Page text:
Santorini

Bookworm book count: 20 including a new one purchased at the world’s cutest bookstore today

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I have no words.  Literally no words.  Oia, the famous little town at the tip of Santorini has been on my bucket list for almost 30 years.  As we pulled into the bay just below Fira on the island of Santorini at dawn, with Mumma Mia playing full bore (thanks Simon) I had that horrible feeling of a dream about to smash into reality and just not stack up.  What if it was all a postcard image that didn’t really exist?

IMG_0961But it does – it absolutely delivered.  Oia is that course is the degustation menu that you just want to go back and eat all over again, no matter how full you are.

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If you arrive by cruise ship – generally you will pull up at the port of Fira and they recommend that you take the funicular (cable car), donkey or stairs (623 of them) to the top and grab a taxi or a tour from there.  Don’t.  Our wonderful concierge Boogie (not his real name – but he always says it is with a very cheeky grin) told us a much better way.

IMG_1016Go ashore and jump straight on another boat.  There is a fabulous shuttle service that for just 15 Euros per person, whisks you by boat to the Port at the base of Oia, then you jump onto a bus and they shuttle you to the top.  It takes less time than a taxi from Fira and it is much more fun.

After you have filled up on the magic of Oia, you jump on another bus and head to Fira, where you can descend to the boat again by cable car, by walking down or by donkey.  Please don’t go by donkey.  The poor things bake in the sun all day just to lug up humans who ought to know better.

IMG_0978But back to Oia.  If you only have a day go straight there – early (yet again) and explore its tiny streets and beautiful views.  It is everything a magical Greek Island is meant to be.  The locals take huge pride in their little town and it is beautifully maintained.  The crowds tend to build after 11am.  In the morning it is delightfully quiet.

IMG_0946We wandered and watched and wandered again.  The husband checked out the hotels and needless to say – we’ll be back.  It was just how we felt when we first wandered into Taormina and we are headed there later in the trip for 5 nights.  I suspect we will do the same with Oia in a few years time.

Charlotte found the most wonderful little book store, so of course, immediately purchased a book on Greek gods, which turned out to be a godsend on the journey home.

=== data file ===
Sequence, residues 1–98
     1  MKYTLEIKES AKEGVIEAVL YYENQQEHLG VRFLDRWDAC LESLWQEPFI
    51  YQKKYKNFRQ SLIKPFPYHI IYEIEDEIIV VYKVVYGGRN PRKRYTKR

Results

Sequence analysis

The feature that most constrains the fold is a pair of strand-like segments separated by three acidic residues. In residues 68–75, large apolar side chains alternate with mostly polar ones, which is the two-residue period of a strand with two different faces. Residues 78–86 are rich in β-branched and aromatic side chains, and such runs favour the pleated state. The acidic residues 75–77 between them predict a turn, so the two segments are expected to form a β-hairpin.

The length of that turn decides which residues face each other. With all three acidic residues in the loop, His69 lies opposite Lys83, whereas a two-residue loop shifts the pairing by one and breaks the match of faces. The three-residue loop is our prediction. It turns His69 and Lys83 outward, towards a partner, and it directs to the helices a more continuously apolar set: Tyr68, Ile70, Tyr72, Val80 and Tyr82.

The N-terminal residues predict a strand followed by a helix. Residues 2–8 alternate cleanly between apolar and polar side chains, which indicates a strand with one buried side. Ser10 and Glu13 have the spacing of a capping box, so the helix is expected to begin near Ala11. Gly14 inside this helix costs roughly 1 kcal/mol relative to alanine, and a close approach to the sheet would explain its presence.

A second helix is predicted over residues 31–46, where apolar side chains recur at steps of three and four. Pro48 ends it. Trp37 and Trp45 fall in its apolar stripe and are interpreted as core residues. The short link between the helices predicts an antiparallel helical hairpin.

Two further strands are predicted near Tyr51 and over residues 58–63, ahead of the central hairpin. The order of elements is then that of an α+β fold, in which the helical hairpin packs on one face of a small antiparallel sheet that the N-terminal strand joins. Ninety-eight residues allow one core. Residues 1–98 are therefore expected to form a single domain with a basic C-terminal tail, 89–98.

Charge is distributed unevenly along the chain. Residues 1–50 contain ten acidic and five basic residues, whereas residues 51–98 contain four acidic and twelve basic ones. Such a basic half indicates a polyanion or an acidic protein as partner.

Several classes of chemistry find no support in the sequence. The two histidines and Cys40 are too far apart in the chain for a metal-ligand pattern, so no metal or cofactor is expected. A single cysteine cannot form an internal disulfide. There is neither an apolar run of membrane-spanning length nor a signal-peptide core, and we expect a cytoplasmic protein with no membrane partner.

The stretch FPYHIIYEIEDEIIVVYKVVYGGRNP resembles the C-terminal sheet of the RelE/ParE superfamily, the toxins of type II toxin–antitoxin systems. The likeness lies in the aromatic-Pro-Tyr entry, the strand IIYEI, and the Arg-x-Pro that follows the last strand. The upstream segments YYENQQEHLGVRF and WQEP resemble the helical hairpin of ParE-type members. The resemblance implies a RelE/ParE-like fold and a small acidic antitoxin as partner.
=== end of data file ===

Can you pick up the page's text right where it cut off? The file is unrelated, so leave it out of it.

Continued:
Getting out (or into Oia) by road is not easy.  The streets are tiny and unforgiving.  Literally hundreds of buses and cars are all trying to get through a tiny, one lane road at the top.  The bottleneck took us 45minutes to navigate.  I hate to think how busy it would have gotten later in the day.  Apparently we were lucky as there were only 3 cruise ships in port and two were considerably smaller than ours.  Some days there are as many as 7.  Those days must be insane.  The queues for the funicular were not bad when we returned around 2pm, but later in the day – the wait can be over an hour, with a tender ride back to the boat to follow.  The crew go to great lengths to warn you that they can’t wait for stragglers.

IMG_0918Once again the top tip is go early, but also – go in the reverse order (Oia first).  Its where you really want to spend your time.  In fact, you’ll never want to leave.

The husband suggested we ditch the boat, book into a hotel and spend 5 nights there, catching up with the rest of the holiday in Malta.  I was very tempted!  I know him well enough to know, that with just a tiny bit of encouragement, he’d of done it, so I bit my tongue.

Oia should be on everyone’s bucket list.  Do it, stay in a white cliff top hotel with a pool and forget the world.  You won’t regret it.

Highlights from small heights

I must say Mum having no words is a once in a thousand-year experience. Shame she started chatting straight afterward.

Oia (pronounced e-a) was VERY hard to get to. We first took a boat ride through hugely choppy waters and parents decided to sit outside, on the top of the boat – weirdoes.  It was windy and revolting. We then took a bus up the hill and finally (finally!) arrived at Oia. When we did get there well its sorta hard to describe.

IMG_1001There was an astonishingly cute and quirky little bookstore called Atlantis Books. There I got a new book on Greek mythology.

IMG_0921Another place that stood out to me was the bell area Mum took a photo of and put on the blog.  It was just a sweet little place. On the subject of sweet, there were lots of cats and dogs lying around on the side of the street – so watch your step! We didn’t do much in Fira apart from the cable car ride and really that was just transport to the place so I can’t give you much on that. Sorry!

Fun rating: 9 and three quarters.

Improvement tip: Make transport easier (get it? Transport nine and three quarters? – Harry Potter.  Come on people!) Anyway.

Charlotte’s two top tips: Check out the bookstore and visit Belltown (Oia.)

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